“Father of Crop Over” Julian Marryshow Passes Away

I have been scouring the internet trying to get more news on the passing of Julian Marryshow in Barbados, but have not been able to confirm. So far, the only news I have found has been artist Corrie Scott’s “Passing of Crop Over’s Creator, Julian Marryshow” in The Bajan Reporter (19 July 2012). Julian Marryshow (son of Grenada’s T. A. Marryshow), who served as a fighter pilot in the R.A.F., is credited with reviving Crop Over in 1974, when he headed the board of the Barbados Tourism Committee. Corrie Scott provides an account (by Nina Gill) on Julian Marryshow and his observations on art in Barbados in the 70′s:

“As you probably remember, Douglas and I were good friends with Julian. One afternoon, we dropped by to see him and the house was completely open and he was not home. We went back the next day and the next, at various times, and he was never home and the house always wide open. We were completely concerned; Douglas made some phone calls, and was told that he was out of the country in England.

We went by to see him again after his return, and told him that the house was completely open, so whoever was looking after the house should be reprimanded. Julian’s comment was, ‘Oh no one was in charge of the house, just me.’ When we asked if he knew that he had left the house completely open, windows and doors, Julian said the only thing in the house worth stealing was art work, and the day that Barbadians became interested in stealing art he would rejoice and lock the house up. An amazing character.”

[Photo by Corrie Scott; http://www.corriescott.net/]

For original post, see http://www.bajanreporter.com/2012/07/passing-of-crop-overs-creator-julian-marryshow-by-corrie-scott/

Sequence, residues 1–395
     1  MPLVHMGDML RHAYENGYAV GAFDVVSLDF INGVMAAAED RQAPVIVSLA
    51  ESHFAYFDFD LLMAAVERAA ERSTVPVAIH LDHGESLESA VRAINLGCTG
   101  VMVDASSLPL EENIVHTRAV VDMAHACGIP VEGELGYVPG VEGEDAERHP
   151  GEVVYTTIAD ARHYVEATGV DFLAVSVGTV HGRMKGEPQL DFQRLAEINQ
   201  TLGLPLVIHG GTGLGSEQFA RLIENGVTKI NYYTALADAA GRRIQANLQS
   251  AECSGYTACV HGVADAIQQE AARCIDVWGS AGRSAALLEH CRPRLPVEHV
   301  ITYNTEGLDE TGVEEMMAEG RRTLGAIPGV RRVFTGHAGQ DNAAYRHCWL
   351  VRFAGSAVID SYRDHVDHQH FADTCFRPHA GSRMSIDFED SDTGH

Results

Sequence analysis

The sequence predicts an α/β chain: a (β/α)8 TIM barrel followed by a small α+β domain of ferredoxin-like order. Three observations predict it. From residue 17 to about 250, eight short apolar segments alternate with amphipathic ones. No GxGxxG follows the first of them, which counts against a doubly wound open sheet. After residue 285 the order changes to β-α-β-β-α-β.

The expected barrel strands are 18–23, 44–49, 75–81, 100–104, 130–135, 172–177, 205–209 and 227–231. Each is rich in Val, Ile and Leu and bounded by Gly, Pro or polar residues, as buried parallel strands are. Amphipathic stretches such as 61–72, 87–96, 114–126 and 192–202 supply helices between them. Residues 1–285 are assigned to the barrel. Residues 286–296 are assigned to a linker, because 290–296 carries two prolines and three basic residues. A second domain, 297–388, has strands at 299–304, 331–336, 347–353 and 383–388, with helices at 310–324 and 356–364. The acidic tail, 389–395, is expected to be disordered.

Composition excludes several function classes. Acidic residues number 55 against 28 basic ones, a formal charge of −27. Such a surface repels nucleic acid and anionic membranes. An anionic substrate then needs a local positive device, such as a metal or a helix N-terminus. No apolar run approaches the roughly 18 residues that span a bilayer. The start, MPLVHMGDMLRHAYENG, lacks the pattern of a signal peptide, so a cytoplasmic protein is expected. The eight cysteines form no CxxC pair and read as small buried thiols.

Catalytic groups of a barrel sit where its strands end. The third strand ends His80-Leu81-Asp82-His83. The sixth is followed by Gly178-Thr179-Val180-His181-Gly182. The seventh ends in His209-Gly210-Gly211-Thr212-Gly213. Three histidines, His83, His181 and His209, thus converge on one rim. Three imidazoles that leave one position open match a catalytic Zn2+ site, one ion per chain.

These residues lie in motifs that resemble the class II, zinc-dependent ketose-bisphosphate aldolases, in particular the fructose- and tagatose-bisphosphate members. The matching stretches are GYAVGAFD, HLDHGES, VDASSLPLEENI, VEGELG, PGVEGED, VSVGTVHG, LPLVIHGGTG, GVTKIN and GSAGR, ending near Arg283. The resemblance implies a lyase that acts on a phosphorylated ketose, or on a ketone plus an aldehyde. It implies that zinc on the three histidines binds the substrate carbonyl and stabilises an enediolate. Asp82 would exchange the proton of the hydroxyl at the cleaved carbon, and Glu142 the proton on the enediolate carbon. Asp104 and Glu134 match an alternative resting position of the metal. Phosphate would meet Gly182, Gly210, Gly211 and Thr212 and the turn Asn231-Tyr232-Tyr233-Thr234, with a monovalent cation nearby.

2 thoughts on ““Father of Crop Over” Julian Marryshow Passes Away

  1. I had the privillage of working with Julian Marryshow at Grenada High Commission here in London UK, in the early 80’s. Julian was at the time a free lance writer and journalist we worked on a few magazines together He was an amazing character as well as being a relative. He always said i was like a daughter. He was always making me laugh but there was also a serious side to him. He was a perfectionist he was not putting his name to anything unless he had his full input and it was to his standard. His comments concernig the Crop-Over festival finally reiterated that point. Although he had started the crop over festival it had turned into something else which was not to his liking but he was still recognised for his part in the birth of this legacy. He has left behind a legacy the barbadians are proud to be a part of and would always remember him for. This festival has evolved throughout the years in a climate where tourism has not been at its best. In this present economic climate it would not have been remotely possible but for julian’s clever use of “Crop-Over” which helped to promote the idea behind the festival. This collaboration of cropover and carnival has helped tremendously to boost the economy of barbados in this world wide recession, as supporters come from all countries far and wide. Julian Marryshow, like his father ‘T.A Marryshow’, saw something that he believed in. something that would benefit the nation, giving other caribbean islands a route to boosting their economy. ” Believe it or not, what Julian has done for tourism in barbados is produced a historical event uniquely to Barabdos which is quite remarkable, We are proud of him”.

  2. I found the “Barbados Buckle” in the gravel of the River Tweed between England and Scotland in 1979. It has now proved to be the earliest illustration of the global game of cricket. With the late Mr.C.L.R.James,Sir Gary Sobers, the Hon.Wes Hall and my good friend Geoffrey Jones in the Tourism Office in London I was able to make considerable advances along with research guides like the MCC and the British Museum. Geoff Jones was frequently singing the praises of “Cropover” as a useful marketing tool for Barbados. If I had been a bit smarter I would have connected Cropover to Julian Marryshow, whom I had known as a colleague in the advertising business in Port-of-Spain in the 1960’s and I respected Julian as a fine ‘ideas man’ and colleague and one of life’s indisputable gentlemen.

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